see indentation after the rain - the 'drop'
Last night we did evening turtle nest checking for a second turtle monitoring group here on our beaches. We checked 'at risk' nests that might be affected by humans and artificial lighting.  We found a "drop" in the sand after our 8:30 pm check, at our 10:45 check, so hoped for hatchlings. They might have already gotten away so we gave up after midnight, having only found one lone straggler further down the beach (which we recsued from some well meaning tourists with white cell phone lights).  I got to bed about 1am. Since we usually create curiosity with our turtle tracker T-shirts at least we got to educate a few beach goers on the do's and don'ts during turtle season. What one will do for a turtle!
With so many storms, mini me awoke at 2:15 am and looked out from her balcony only to see a sheriff patrolling in his SUV complete with search lights (looking for people sleeping on the beach I suspect).  The sheriff inadvertently found a mother turtle, just making her way up the beach under the cover of darkness. Before he knew it he drove right alongside her with his bright headlights illuminating her for me to see. Thrilling, but sadly those same lights appear to have spooked her.  We had a downpour at 4 - 5 am so by morning the tracks are much less distinct - there appears to be no nest, so this is what we call a false crawl (look to left of the tire tracks ... but hard to see!).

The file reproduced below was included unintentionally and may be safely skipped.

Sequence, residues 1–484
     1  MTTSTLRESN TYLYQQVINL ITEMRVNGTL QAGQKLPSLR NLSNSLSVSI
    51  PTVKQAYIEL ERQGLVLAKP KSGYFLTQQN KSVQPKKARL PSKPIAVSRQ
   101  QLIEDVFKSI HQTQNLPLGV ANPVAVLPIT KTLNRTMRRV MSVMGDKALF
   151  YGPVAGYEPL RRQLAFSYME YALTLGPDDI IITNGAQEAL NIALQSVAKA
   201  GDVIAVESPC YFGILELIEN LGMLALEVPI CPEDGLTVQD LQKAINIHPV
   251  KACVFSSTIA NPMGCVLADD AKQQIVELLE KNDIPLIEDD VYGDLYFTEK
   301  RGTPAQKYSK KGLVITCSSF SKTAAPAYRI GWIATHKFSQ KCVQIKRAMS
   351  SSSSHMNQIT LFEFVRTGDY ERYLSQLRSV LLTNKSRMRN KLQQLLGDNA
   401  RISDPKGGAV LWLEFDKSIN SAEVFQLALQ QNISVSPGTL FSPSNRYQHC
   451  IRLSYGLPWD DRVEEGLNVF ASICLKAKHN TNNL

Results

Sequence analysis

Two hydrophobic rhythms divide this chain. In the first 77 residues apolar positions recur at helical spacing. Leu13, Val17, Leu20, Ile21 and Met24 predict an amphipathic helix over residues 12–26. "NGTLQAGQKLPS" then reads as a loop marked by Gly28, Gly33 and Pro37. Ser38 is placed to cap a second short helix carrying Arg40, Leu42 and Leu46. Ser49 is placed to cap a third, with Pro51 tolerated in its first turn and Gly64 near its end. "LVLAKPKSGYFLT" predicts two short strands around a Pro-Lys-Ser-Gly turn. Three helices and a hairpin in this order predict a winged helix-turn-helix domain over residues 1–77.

Last Friday (21st), on morning patrol we found 3 live hatchlings amongst the nest remains. The State of Florida has us inventory the nests a few days after hatching and every so often we come across hatchlings that didn't make it out for one reason or another. This one was strong enough to be released immediately and you can see it swim into the sea on this video below
quicker, but harder on the
fingers than quilting!
When not turtling, am trying out all sorts of new activities; the jokes about basket making are unfair and all baskets are still handmade! This is a reed basket (vs wicker I did in the UK) and requires constant wetting; not bad on a hot day in Florida.
And just for Annie, it can be lovely after the rain --

Wednesday, 19 July 2017

Shell Ambassador/Bird Steward/Florida Master Naturalist!

Just when mini me thought she had done it all on the beach she found more!

Did you know you can be a:
  • Shell Ambassador -  wear ambassador apparel (blue shirts with yellow lettering) to the beach,  enjoy the surf, sun, and shells, and also be available to answer questions and identify shells
  • Bird Steward - watching over the skimmer colony at St Pete Beach. Stewards educate and watch out for unnecessary human interference with these nesting birds
  • Florida Master Naturalist! Adult education to learn more about Florida's environment - 3 modules: coastal, upland and freshwater.

Our 5 day FMN course had us out on field trips for 3 days.  Here's what we did (no cameras on us for fear of getting drenched, but these are good respresentative pictures from the area):